(h) Amendment sections. Each section of an amendment document (e.g., amendment to the claims, amendme nt to the specification, replacement drawings, and remarks) must begin on a separate sheet.
(i) Amendments in reissue applications. Any amendment to the description and claims in reissue applications must be made in accordance with § 1.173.
(j) Amendments in reexamination proceedings. Any proposed amendment to the description and claims in patents involved in reexamination proceedings must be made in accordance with § 1.530.
(k) Amendments in provisional applications. Amendments in provisional applications are not usually made. If an amendment is made to a provisional application, however, it must comply with the provisions of this section. Any amendments to a provisional application shall be placed in the provisional application file but may not be entered.
37 CFR 1.152 Design drawings
The design must be represented by a drawing that complies with the requirements of § 1.84 and must contain a sufficient number of views to constitute a complete disclosure of the appearance of the design. Appropriate and adequate surface shading should be used to show the character or contour of the surfaces represented. Solid black surface shading is not permitted except when used to represent the color black as well as color contrast. Broken lines may be used to show visible environmental structure, but may not be used to show hidden planes and surfaces that cannot be seen through opaque materials. Alternate positions of a design component, illustrated by full and broken lines in the same view are not permitted in a design drawing. Photographs and ink drawings are not permitted to be combined as formal drawings in one application. Photographs submitted in lieu of ink drawings in design patent applications must not disclose environmental structure but must be limited to the design claimed for the article.
37 CFR 1.153 Title, description and claim, oath or declaration
(a) The title of the design must designate the particular article. No description, other than a reference to the drawing, is ordinarily required. The claim shall be in formal terms to the ornamental design for the article (specifying name) as shown, or as shown and described. More than one claim is neither required nor permitted.
(b) The oath or declaration required of the applicant must comply with § 1.63.
37 CFR 1.154 Arrangement of application elements in a design application
(a) The elements of the design application, if applicable, should appear in the following order:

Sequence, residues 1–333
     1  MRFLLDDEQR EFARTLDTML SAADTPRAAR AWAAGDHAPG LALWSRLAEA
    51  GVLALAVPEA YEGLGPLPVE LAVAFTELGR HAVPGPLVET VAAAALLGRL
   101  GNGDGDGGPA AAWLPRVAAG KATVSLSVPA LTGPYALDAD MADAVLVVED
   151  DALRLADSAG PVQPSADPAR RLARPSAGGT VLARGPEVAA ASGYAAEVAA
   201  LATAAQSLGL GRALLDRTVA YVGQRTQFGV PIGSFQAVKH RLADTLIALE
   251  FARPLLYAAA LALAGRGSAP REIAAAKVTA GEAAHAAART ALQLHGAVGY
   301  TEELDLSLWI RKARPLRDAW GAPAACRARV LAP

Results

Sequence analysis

(1) Design application transmittal form.
(2) Fee transmittal form.
(3) Application data sheet (see § 1.76).
(5) Drawings or photographs.
(6) Executed oath or declaration (see § 1.153(b)).
(b) The specification should include the following sections in order:
(1) Preamble, stating the name of the applicant, title of the design, and a brief description of the nature and intended use of the article in which the design is embodied.
(2) Cross-reference to related applications (unless included in the application data sheet).
(3) Statement regarding federally sponsored research or development.
(4) Description of the figure or figures of the drawing.
(5) Feature description.
(6) A single claim.
(c) The text of the specification sections defined in paragraph (b) of this section, if applicable, should be preceded by a section heading in uppercase letters without underlining or bold type.
37 CFR 1.155 Expedited examination of design applications
(a) The applicant may request that the Office expedite the examination of a design application. To qualify for expedited examination:
(1) The application must include drawings in compliance with § 1.84;
(2) The applicant must have conducted a pre-examination search; and
(3) The applicant must file a request for expedited examination including:
(i) The fee set forth in § 1.17(k);
(ii) A statement that a pre-examination search was conducted. The statement must also indicate the field of search and include an information disclosure statement in compliance with § 1.98.
(b) The Office will not examine an application that is not in condition for examination (e.g., missing basic filing fee) even if the applicant files a request for expedited examination under this section.
I, (Name)________________________________________________ have invented a new design for a (Title)_________________________________________________ as set forth in the following specification:
FIG. 1 is a _______________________ view of a __________________________ showing my new design;
FIG. 2 is a _______________________ view thereof;
FIG. 3 is a _______________________ view thereof;
FIG. 4 is a _______________________ view thereof;
FIG. 5 is a _______________________ view thereof; and
FIG. 6 is a _______________________ view thereof.
I claim: The ornamental design for a _________________________________________________ as shown.
*Applicants are referred to the Disclosure Examples on Pages 9-13, to determine the proper wording and number of Figure Descriptions appropriate to their disclosure. Questions regarding a design patent application and its forms may be directed to the Design Patent Practice Specialist of Technology Center 2900 at (571) 272-2900.
United States Patent and Trademark Office
Commissioner for Patents P.O. Box 1450
Alexandria, VA 22313-1450
An Agency of the United States Department of Commerce